A FERC official last week declined to say when the agency would act on the proposed Sabine Pass Liquefaction LLC liquefied natural gas (LNG) export facilities. If approved by the Federal Energy Regulatory Commission (FERC), Sabine Pass would be the first LNG export terminal in the United States.
The Commission will issue a decision "as soon as the order's ready," said Jeff Wright, director of FERC's Office of Energy Projects, during the Natural Gas Roundtable in Washington, DC. "There's no deadline for FERC to issue...a siting [decision]...There's statutory [deadline requirements] that deal with rate cases...but nothing that deals with siting."
Cheniere Energy, parent of Sabine Pass Liquefaction, had asked FERC to issue a siting order at its meeting on March 15, but the agency did not respond. The company said it was important that it receive FERC approval by then so that it could proceed under the terms of its lump sum turnkey engineering, procurement and construction agreement with Bechtel Oil, Gas and Chemical by March 31.
"The Commission just doesn't seem to move with much alacrity these days," said energy analyst Christine Tezak with Robert W. Baird & Co., referring to FERC's failure to respond to the request of Sabine Pass Nevertheless, "we think it [Sabine Pass] might still get done this month," she noted. "The White House doesn't seem particularly worried about what the FERC is up to, which makes us wonder -- is it disinterest or a 2-2 deadlock slowing things down." A spokeswoman for FERC declined to respond to Tezak's comments.
The liquefaction project would be capable of processing an average of 2.2 Bcf/d of pipeline-quality natural gas from the Creole Trail Pipeline, which interconnects with the Sabine Pass terminal. The Department of Energy has already approved plans for Sabine Pass Liquefaction to export 2.2 Bcf/d to countries that have a free trade agreement (FTA) with the United States and also to non-FTA countries (see NGI, May 23, 2011, Sept. 13, 2010).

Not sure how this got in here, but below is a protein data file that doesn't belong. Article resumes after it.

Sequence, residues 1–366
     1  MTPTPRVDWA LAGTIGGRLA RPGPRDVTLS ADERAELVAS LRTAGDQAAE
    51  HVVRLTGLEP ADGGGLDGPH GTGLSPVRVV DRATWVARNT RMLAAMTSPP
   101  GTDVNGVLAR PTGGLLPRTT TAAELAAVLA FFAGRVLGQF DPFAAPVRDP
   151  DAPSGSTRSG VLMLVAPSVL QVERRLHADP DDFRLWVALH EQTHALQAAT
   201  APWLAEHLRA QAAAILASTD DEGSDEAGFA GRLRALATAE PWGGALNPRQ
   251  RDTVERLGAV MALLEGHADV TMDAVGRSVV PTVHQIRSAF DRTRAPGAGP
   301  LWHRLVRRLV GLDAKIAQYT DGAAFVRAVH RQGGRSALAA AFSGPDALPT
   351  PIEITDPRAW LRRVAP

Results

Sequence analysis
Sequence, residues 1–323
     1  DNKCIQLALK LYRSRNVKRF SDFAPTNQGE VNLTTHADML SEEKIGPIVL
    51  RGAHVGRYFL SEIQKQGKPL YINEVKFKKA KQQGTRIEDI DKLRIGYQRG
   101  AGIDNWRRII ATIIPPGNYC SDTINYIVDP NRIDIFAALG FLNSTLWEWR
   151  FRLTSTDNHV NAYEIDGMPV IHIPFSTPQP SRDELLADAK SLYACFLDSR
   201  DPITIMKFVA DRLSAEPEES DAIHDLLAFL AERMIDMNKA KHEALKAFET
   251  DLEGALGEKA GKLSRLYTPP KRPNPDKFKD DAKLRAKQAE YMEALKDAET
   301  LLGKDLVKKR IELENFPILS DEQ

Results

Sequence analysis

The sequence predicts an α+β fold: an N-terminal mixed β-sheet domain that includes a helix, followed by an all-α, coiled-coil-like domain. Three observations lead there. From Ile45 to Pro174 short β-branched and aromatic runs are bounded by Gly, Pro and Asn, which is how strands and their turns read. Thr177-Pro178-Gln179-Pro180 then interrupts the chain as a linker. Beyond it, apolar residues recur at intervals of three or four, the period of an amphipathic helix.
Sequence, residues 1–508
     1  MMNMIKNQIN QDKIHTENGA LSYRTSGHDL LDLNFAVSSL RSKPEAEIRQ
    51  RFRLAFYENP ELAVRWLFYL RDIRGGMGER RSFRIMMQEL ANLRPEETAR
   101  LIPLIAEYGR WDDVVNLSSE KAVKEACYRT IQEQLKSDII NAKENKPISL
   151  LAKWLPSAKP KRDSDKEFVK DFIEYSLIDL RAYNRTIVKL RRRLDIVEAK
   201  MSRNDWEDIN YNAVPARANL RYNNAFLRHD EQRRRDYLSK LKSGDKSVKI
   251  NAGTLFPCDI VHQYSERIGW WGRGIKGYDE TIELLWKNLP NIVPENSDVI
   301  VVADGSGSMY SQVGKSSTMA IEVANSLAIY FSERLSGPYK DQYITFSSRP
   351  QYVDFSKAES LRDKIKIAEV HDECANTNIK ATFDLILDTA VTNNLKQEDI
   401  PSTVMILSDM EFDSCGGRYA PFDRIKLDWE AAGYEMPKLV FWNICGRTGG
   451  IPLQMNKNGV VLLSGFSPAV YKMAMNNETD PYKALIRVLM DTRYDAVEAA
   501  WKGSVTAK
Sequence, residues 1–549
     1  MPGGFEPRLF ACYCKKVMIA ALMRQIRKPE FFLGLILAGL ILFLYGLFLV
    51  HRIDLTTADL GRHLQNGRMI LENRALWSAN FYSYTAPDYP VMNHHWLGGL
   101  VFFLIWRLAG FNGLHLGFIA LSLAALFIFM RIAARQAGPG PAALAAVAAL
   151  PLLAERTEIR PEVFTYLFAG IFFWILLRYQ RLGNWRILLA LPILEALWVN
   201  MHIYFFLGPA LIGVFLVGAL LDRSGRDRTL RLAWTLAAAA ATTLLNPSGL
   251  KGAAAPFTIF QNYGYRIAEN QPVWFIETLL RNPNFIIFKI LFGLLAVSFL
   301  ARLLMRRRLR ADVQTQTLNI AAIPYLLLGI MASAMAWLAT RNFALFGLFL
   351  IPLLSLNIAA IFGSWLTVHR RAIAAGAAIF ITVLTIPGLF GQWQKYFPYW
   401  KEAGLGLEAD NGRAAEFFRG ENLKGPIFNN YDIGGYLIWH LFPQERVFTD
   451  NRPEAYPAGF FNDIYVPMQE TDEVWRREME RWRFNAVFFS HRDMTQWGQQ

As for the LNG export market, Wright said he believes that the industry sees the growth in exports taking place in non-FTA countries. That's because the majority of FTA countries are small markets. The big target markets will be in Europe and the Far East, he said. With the economy somewhat flat and demand "not taking off right now...people who operate storage facilities are probably saying, 'We're choking on it [natural gas] right now,'" Wright said.
Mexico may have more shale gas than the United States, said Wright. But the fact that Mexico has a "national energy agency...enshrined in the constitution, doesn't give it a whole lot of freedom to develop" the resources. In talking to his colleagues in Mexico, Wright said he has found it to be a "little bit of a sad situation there," with Mexico "sitting on a lot but not being able to develop it."
The buildout of the pipeline infrastructure to connect shale resources to market centers is shifting to the Marcellus from the Southeast. "You've seen a big buildout in the Southeast [for] shale deposits...I'm not going to say it's over down there," but the center of the pipeline construction activity is switching. You're not going to see a lot of long lines. But you're seeing a lot of [smaller] lines that are connecting those [shale] fields to the market areas."
Wright further noted that the natural gas and electricity industries are going to have to get more serious about understanding each others operations. He said that there has been "a lot of superficial talk" about the need for gas and power to get together over the years, but the talk needs to be more serious. "Electric's going to be probably your big[gest] customer, and electric needs to realize they're very dependent on gas, [as well as understand] the dynamics and physics of [the] gas pipeline industry."
Pipelines already are seeking changes in their tariffs to accommodate power generators. FERC earlier this month approved a new tariff for Texas Gas Transmission that sets out an enhanced nominations service with an additional 11 nomination cycles each gas day and interruptible bump times as short as one hour to serve the on-again, off-again power generation load (see NGI, March 19).
Texas Gas filed with FERC for the new service last fall saying some power plant customers had requested the ability to start up gas deliveries quickly to meet changing demand throughout the gas day. The customers said the changeable intra-day service was necessary to meet load adjustments due to sudden weather changes and the availability of renewable power sources dependent on weather. The new service "will better fit the profile of gas fired generation," and is aimed at "improving the integration between the natural gas and power industries, according to the pipeline.
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